Saturday, November 10, 2012

Do We Need Conjugations?

It may sound fairly ridiculous, but do languages actually need conjugations?

Look at it this way: conjugations change the meaning of verbs. They tell us about who or what is carrying out the action and when it happened. If you're familiar with the six pronouns (three for singular, three for plural, each with first, second and third person forms), then you probably know they are the following in English:
  1. I
  2. You
  3. He/She/It
  4. We
  5. You (plural, often pluralised in interesting ways to avoid confusion, e.g. yous, y'all, you guys, etc.)
  6. They
For each of those you need a different form of a verb, known as a conjugation. In English, however, there are only usually two or three options. Many languages feature unique conjugations for each one!

Take the verb to run:

I run, you run, he/she/it runs, we run, you run, they run.

Regular verbs start with a stem. These are stem cells.

We have the forms run and runs and a lot of verbs follow this pattern in English. Simply add an s to the stem, the stem being run. We know who is doing the running thanks to the pronoun and the conjugation. Could we use one or the other? In Spanish, each of the six conjugations are distinct, so the pronoun becomes irrelevant. You will often find Spanish speakers dropping the pronoun and using the verb independently of its verb. This couldn't be done in English since for most verbs five of the conjugations are identical.

We're not saying Spaniards are lazy... but they don't bother with
personal pronouns and this one doesn't even run around the pitch.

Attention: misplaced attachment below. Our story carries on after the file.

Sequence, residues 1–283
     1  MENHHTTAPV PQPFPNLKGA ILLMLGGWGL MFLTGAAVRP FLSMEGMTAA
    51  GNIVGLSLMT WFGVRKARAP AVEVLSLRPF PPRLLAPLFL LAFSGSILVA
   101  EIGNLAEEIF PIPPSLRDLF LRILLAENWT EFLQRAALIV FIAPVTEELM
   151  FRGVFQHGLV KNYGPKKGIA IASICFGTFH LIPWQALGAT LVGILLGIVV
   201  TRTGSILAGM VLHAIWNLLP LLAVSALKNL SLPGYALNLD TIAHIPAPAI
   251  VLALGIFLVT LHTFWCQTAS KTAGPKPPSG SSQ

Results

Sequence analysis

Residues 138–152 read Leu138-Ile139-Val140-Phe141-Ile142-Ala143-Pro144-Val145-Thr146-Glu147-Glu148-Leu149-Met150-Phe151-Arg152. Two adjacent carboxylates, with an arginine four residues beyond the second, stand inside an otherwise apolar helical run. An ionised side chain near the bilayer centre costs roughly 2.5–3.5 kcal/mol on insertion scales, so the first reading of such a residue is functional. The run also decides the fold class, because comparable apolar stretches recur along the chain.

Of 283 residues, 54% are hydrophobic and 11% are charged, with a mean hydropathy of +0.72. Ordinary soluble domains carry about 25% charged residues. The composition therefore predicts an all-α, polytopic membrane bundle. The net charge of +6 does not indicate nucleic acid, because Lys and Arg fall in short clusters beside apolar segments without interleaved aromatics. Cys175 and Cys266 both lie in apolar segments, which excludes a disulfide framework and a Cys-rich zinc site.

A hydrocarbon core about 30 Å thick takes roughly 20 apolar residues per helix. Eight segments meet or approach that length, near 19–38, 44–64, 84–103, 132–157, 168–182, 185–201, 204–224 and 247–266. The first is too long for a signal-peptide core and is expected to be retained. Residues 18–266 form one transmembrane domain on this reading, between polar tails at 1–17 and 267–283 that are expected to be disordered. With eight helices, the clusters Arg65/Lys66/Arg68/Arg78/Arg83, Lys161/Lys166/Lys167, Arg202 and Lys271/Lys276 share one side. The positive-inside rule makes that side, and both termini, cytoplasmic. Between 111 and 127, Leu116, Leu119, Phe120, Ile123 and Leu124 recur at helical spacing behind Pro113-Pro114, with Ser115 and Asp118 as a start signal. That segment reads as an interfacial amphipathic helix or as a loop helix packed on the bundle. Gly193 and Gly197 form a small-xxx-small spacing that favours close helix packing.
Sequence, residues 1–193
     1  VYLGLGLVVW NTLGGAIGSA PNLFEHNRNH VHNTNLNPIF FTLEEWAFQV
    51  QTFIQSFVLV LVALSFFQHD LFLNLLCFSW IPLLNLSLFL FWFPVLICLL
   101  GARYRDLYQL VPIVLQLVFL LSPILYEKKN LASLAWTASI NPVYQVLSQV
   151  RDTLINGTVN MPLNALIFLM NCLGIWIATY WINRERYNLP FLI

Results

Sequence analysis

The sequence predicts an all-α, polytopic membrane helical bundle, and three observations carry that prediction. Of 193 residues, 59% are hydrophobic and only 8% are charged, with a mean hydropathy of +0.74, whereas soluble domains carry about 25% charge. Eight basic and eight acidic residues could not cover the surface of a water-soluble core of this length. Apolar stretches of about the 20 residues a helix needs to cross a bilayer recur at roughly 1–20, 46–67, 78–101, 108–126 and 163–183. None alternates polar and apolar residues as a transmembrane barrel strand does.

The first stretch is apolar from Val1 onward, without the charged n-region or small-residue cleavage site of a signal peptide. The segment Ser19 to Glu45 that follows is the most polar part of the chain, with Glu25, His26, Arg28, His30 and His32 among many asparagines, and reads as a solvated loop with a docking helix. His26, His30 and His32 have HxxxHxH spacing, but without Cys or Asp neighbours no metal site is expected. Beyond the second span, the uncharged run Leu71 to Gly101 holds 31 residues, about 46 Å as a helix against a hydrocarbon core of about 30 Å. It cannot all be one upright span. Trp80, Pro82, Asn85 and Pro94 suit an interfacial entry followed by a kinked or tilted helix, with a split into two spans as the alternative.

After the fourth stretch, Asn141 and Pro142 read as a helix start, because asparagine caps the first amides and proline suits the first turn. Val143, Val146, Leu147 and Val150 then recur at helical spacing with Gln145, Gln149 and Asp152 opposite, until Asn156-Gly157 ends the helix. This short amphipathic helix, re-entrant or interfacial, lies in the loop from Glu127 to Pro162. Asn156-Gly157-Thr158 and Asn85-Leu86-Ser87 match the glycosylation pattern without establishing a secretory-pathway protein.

Could we remove the conjugations since most of the understood meaning is from the pronouns? Probably.

I be, you be, he/she/it be, we be, you be, they be? Sounds a bit weird, doesn't it? Though it wouldn't if everyone spoke like that. We could do one or another. Create six distinct conjugations for each verb in each tense, or have auxiliary verbs to indicate tense and use pronouns to clarify.

Auxiliary verbs are added to the main verb to change its meaning. Take the future tense in English with the verb to run: "I will run". We know this is an event in the future thanks to use of "will"... the word, not meaning the "faculty to initiate action".

I will exercise... tomorrow.

We reckon that a perfect language (no languages are perfect, by the way, not even constructed languages) would feature one system or the other... conjugations without pronouns, or a pronoun and auxiliary verb system. It would definitely be easier for everyone, especially foreign learners since you'd need around half the vocabulary to indicate tenses and explain situations. Don't you think?